“I’ve finally decided what I’m going to do when I grow up. I’m going to have a school, and it will have gardening and sculpture and writing. I’ve thought about this for a long time.”
February 3, 1997
When I was in fourth grade, I began writing the plans for what would eventually become The Joule School. I had decided to become a teacher when I was four, but I realized by late elementary school that I wanted to make a bigger change in the world.
For me, school was hell. I was bored out of my mind. Sitting in a desk while a teacher talked… and talked… and kept talking. It felt like prison, and I felt like screaming.
As a gifted child, I tended to finish my work early, so they supplemented all the talking with piles of worksheets to keep me busy. By eight years old, I had stomach ulcers from the stress and frustration of killing time with brainless activities. My teachers would poke fun at the “perfect child” with perfect grades, and snap at me if I complained. In their view, I was a smart kid with an easy academic life - what was my problem?
I started skipping school in 6th grade, and by high school I was only attending half-time. That was pretty much all I could handle. I dealt with my classes by reading books under my desk and writing stories. I was ready to get my education over with, so I took an accelerated courseload in college and graduated when I was 20.
This doesn’t mean that I hated learning - far from it. I read voraciously and would design assignments at school that I thought were more engaging than what we were given. After graduating, I went into the teaching field first and shared my passion for books, history, writing, and science. I’d go back into my childhood notebooks where I’d written “Do and Do Not” lists for my future teacher self, so that I would never become one of the teachers I’d abhorred as a child. I was privileged to be honored by my students at their graduations (and once, at a wedding!), and tried my best to make school as relevant as possible for every kid who crossed my path. I planned to stay in education for a few more years before moving into administration, and eventually opening the school I’d designed in fourth grade.
However, one summer I was hired at a local school, which proved to be the last straw for me - someone who had hated bad teaching since childhood. Classes were required to be taught in a lecture/worksheet format, and structured down to the minute - 3 minutes for silent written work, 15 minutes of lecturing, no time to waste because The Test was coming. The students spent a week at a time, four times a year, in complete silence - including hallways and lunch - to “practice” for the silent STAAR test. They walked in straight, silent lines from class to class, accompanied by a teacher. Good kids. Normal, creative, 12 year olds. We teachers spent more time on classroom management, trying to get these kids to follow the mandate stand silently in line and to SLANT - sit with their hands folded on the desk, staring at a teacher while a lecture was delivered - then we did on anything else. It was everything I’d hated about school as a child, and now I was part of the system, teaching in a way that made us all unhappy. I quit, and opened Joule.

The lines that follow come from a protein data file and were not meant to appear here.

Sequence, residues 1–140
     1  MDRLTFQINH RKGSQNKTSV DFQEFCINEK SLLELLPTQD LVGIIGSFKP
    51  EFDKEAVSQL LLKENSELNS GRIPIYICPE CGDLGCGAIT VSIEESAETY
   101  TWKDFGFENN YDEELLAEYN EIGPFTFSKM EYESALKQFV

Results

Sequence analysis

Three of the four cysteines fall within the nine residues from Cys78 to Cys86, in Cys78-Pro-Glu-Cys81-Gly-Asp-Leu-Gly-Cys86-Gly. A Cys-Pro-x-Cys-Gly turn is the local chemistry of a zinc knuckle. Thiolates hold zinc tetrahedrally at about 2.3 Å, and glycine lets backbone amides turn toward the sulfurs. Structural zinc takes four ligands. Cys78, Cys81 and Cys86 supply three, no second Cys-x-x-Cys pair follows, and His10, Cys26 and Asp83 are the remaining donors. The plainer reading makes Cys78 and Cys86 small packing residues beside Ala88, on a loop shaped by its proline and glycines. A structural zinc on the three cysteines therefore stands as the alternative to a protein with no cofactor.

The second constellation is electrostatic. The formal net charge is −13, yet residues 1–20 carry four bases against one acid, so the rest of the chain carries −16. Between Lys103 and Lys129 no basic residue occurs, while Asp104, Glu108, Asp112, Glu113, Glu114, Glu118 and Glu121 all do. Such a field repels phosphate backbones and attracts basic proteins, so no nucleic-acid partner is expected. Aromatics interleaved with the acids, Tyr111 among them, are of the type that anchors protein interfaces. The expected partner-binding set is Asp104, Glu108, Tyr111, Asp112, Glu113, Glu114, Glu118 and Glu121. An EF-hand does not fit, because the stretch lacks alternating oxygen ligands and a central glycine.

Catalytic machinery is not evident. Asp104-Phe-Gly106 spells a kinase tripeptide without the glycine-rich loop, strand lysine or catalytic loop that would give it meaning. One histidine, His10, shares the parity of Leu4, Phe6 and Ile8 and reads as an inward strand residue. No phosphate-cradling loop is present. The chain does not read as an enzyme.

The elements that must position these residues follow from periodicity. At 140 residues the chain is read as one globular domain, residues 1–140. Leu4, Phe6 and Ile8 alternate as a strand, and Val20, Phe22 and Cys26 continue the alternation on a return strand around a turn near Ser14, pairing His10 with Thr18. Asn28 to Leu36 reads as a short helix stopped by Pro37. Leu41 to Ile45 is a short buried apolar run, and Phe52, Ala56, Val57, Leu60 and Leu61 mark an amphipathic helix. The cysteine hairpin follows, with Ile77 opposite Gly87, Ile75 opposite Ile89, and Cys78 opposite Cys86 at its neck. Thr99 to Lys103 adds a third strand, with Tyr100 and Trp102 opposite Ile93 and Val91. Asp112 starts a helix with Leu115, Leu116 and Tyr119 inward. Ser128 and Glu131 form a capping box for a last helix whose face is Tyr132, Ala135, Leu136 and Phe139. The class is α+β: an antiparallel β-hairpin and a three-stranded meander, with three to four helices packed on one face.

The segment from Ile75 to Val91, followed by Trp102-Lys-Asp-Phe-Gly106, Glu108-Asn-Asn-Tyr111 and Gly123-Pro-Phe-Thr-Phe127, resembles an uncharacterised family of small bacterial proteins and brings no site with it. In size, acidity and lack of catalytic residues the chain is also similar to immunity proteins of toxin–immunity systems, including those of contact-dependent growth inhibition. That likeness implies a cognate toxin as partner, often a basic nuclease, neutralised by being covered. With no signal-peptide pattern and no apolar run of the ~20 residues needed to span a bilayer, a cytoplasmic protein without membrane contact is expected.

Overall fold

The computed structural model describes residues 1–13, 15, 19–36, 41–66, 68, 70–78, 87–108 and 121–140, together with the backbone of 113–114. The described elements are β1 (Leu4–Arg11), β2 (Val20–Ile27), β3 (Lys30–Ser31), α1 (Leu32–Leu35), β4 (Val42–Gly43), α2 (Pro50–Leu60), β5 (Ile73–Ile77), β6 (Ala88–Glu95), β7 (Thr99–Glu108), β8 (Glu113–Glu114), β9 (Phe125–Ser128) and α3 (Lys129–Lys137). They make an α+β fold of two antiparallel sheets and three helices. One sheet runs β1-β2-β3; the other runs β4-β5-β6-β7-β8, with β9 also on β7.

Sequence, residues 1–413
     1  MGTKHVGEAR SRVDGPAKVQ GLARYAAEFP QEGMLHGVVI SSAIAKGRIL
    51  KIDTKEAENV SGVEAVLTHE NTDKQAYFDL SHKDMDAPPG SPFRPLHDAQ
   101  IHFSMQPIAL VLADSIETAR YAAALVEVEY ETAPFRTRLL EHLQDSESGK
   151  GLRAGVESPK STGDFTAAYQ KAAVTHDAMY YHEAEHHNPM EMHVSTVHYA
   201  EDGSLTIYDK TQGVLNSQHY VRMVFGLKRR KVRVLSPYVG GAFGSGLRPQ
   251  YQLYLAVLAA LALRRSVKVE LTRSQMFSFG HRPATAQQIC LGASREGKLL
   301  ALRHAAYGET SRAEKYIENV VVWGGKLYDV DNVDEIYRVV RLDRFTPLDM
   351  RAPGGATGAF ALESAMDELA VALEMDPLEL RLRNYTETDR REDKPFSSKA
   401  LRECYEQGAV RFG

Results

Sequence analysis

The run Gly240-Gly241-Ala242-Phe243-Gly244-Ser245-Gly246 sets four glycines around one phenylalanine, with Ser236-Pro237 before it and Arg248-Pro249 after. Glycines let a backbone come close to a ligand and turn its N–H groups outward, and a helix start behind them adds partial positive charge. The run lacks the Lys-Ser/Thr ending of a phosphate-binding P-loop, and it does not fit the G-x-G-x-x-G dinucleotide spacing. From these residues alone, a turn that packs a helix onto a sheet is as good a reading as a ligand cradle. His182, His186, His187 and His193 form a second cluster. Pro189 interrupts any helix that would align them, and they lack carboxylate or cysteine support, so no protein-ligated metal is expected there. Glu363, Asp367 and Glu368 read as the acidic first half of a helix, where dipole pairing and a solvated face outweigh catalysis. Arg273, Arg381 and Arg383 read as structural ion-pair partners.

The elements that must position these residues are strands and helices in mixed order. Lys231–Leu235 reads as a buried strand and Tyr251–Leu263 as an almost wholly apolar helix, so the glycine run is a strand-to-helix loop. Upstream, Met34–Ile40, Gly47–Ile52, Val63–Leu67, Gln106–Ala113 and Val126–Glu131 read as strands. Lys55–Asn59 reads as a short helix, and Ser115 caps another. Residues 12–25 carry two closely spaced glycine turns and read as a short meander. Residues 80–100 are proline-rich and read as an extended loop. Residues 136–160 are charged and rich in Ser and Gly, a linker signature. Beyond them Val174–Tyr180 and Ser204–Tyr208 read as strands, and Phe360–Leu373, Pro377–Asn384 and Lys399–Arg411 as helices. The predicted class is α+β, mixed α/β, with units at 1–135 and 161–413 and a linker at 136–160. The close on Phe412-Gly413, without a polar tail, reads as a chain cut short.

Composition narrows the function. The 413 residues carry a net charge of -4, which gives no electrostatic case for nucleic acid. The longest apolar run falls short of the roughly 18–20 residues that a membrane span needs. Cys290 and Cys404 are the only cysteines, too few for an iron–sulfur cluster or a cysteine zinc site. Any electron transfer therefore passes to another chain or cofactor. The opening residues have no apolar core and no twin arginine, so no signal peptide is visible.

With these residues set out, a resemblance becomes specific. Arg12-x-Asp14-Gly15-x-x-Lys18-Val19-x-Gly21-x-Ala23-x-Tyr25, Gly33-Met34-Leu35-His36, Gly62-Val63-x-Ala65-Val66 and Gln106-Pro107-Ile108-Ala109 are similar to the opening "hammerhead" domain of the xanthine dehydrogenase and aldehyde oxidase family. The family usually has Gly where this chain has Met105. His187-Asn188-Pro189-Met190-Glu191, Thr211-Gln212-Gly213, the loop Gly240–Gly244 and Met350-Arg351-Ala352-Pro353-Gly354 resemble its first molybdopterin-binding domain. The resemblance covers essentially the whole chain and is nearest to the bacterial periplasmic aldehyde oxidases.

The purpose of Joule is simple: to give kids an opportunity to learn at their own pace, in a way that makes sense for their developmental level. Learning is supposed to be exciting - and for most very young children, it is! The curiosity, the constant “Why?,” the dismantling of a toaster to see what happens. Movement and exploration is a normal part of discovery; building things, acting things out, and debating ideas is what children do naturally. There’s no reason to take that away when they start school, like tearing out a wild forest to install a garden with straight rows of corn and a white picket fence. Giving a child what they need is everything, is the whole point of being in education, and it allows kids to make it to adulthood without burning out, giving up, or shutting down.
The school was named after James Prescott Joule, who really embodied the student we exist to serve: a creative, curious kid, a child who wanted to know things but didn’t want someone else explaining it to him. He grew up and did all sorts of fancy things as an adult like discover laws of thermophysics - but it was who he was as a child that interested me more. James blew off his own eyebrows with a pistol conducting an experiment on echo at the age of eight. He gave his father’s servants electric shocks as part of an experiment and flew kites in thunderstorms. I can only imagine how frustrated he would have been in contemporary public schools, how frustrated his teachers would have been trying to corral him in a chair for test-prep. The freedom to experiment the way he did in his adult laboratory came out of a love of learning, a love that could easily have been quashed by piles of worksheets. I believe that much of his success later in life could be attributed to the freedom he had to learn in a way that made sense for him.
Joule exists to deliver a responsive education: to recognize what a child needs and give it to them. It’s not easy, of course. There are things we must do, such as limit class sizes and buy buckets and buckets of clay, yarn, and cheese graters. However, it’s worth it! Learning is supposed to be fun, supposed to be engaging and exciting. There are so many parents who’ve told me that their kids don’t want to go on summer break - they’d rather be in school. That’s what education is all about, the joy of discovery, and it’s joy that we try to capture here at Joule.